19 December, 1998
Good morning from Beacon Valley!!
Today we had leftover steak, potato and corn for breakfast. We got on our packs and were ready to leave around 9 am. We went up valley today where Drew will be working.
My knees are swollen like grapefruits today. I just have old knees, but I know that I will be the slowest today. I am going to be slowing them up and this won't be well received by my camp mates. I will do my best.
There is an unbelievable jumble of rock sizes - from the size of a Cadillac to thumbnail. We saw many perched boulders and other piles of rock. Did these rocks come out of the glacier or fall from the sides of the valley?
We watched Hallet's group from the University of Washington come in via helicopter around 11 am. They will be camped near us, about a kilometer away. I now know that there is going to be quite a bit of tension with them camped so close to us.
In the afternoon while we were up valley Adam and Drew noticed small surface cracks or wedges. Being curious, they shovel and pick down about a meter and a half and the wedge just goes all the way down. Dave and Eric get one that looks like a big Tootsie Roll which is also associated with a wedge.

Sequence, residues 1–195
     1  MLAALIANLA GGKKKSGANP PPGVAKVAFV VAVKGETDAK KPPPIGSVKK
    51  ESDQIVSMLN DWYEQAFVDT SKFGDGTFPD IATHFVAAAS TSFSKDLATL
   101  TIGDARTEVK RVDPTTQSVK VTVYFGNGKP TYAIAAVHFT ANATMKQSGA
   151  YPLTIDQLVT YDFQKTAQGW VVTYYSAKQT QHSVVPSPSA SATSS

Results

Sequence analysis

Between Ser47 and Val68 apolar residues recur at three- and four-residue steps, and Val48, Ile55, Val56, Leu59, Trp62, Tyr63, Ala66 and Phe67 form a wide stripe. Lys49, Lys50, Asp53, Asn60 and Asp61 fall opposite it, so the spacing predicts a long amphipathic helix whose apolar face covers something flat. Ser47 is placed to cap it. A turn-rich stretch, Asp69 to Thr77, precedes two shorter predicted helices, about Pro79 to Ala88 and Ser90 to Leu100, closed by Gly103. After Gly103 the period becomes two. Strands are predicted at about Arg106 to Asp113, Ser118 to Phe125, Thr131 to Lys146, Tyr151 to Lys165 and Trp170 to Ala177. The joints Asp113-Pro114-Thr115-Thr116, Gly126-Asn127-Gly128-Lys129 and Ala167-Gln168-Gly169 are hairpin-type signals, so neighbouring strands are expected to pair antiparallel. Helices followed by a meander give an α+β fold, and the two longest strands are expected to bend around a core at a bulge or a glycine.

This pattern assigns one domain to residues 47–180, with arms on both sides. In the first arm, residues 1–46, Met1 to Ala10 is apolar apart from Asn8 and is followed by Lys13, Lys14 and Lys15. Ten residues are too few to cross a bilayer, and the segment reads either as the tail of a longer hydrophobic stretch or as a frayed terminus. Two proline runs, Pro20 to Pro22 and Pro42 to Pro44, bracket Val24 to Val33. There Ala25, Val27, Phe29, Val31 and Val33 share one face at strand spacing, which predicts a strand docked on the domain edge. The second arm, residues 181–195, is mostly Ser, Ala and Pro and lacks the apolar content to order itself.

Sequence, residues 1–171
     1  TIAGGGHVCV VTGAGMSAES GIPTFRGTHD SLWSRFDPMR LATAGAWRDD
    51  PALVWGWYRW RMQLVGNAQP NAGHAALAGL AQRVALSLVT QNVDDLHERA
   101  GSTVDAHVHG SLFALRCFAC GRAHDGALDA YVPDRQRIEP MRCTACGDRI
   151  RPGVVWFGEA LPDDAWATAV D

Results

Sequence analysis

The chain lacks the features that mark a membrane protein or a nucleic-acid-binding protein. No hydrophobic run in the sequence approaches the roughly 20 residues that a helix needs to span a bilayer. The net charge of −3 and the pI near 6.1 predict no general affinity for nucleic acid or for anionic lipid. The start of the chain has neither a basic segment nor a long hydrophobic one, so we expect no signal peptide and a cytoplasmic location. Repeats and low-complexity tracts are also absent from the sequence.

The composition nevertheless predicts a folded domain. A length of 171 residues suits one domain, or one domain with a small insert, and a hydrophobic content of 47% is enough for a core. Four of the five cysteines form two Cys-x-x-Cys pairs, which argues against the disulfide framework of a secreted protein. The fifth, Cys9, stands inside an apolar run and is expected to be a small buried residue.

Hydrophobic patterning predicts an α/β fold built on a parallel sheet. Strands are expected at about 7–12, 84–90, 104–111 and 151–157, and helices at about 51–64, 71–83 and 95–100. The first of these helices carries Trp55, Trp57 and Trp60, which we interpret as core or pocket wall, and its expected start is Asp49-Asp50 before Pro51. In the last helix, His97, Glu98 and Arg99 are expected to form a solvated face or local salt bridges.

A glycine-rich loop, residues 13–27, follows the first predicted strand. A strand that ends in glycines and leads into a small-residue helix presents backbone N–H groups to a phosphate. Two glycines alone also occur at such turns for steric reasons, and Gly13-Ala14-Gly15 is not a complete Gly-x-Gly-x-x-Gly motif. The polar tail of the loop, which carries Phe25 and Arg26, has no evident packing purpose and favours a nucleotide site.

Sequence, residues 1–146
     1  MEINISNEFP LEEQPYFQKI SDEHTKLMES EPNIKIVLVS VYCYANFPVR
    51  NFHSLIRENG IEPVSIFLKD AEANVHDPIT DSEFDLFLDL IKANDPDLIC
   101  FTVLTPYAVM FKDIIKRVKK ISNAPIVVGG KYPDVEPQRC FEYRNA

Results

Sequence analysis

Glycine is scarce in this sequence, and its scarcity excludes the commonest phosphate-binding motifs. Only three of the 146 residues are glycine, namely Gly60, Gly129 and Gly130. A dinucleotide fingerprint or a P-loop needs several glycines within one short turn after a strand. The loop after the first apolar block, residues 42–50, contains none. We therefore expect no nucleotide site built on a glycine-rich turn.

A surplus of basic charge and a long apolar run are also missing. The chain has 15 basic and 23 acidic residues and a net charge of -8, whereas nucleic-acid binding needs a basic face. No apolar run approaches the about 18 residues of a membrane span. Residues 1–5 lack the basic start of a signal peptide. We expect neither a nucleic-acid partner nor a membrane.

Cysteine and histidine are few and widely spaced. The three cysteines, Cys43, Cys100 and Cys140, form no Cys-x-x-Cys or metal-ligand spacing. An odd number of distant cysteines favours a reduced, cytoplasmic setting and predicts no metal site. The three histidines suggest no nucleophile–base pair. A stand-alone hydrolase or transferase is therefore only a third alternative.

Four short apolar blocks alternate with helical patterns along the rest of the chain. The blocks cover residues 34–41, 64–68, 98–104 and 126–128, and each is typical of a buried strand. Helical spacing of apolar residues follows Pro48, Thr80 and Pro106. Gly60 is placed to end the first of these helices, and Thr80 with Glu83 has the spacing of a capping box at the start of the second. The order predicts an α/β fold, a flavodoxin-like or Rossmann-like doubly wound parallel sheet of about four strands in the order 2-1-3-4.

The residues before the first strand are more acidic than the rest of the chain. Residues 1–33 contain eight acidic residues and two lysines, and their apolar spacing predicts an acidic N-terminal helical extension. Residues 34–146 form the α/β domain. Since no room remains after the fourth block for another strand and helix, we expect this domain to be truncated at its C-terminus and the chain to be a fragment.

Could it be that these are thermally generated?
Drew and Adam dig an amazingly deep pit, about shoulder height - it's christened DME-05-98 (Dave Marchant excavation number 5, 1998) This designation is written on a canvas rock bag and appears in the photographs of the pit. Photographic documentation is important - it is another line of evidence used to give support to a hypothesis.
Using the ice axe, they sample ice from pit number 5 to analyze 18O/16O ratio. Water molecules with the light 16O isotope evaporate more easily than molecules with 18O. Therefore, 18O is enriched in the oceans (and the shells of marine animals) during glaciations. Less 18O is therefore available to fall as snow or rain. Consequently, the 18O/16O ratio ratio graph based on fossil shells records glacials, but also interglacials, and smaller variations in global glacier ice volume. The ages are correlated, based on direct radiometric dated events on land and dates from organic remains in core.
The ice is placed in small plastic sample bag, labeled and then buried in a snow bank. We bury the samples in the conviently located nearby permanent snowbank. We dig holes in the snow and then after we bury the samples, we pile large blocks of snow on top of them. This will insure that the samples remain frozen.
Samples of modern snow were also collected as a control.
Today was another windy day, much snow is blowing into Beacon from the plateau.
It is a powerful feeling to look to the south and know that just over the ridge is this plateau, that the pole is South. I think of fellow teachers Elke Bergholz and Sue Bowman every time that I look in that direction.
Bye from Beacon
Niles North High School
Skokie, IL 60077
Contact the TEA in the field at .
If you cannot connect through your browser, copy the TEA's e-mail address in the "To:" line of your favorite e-mail package.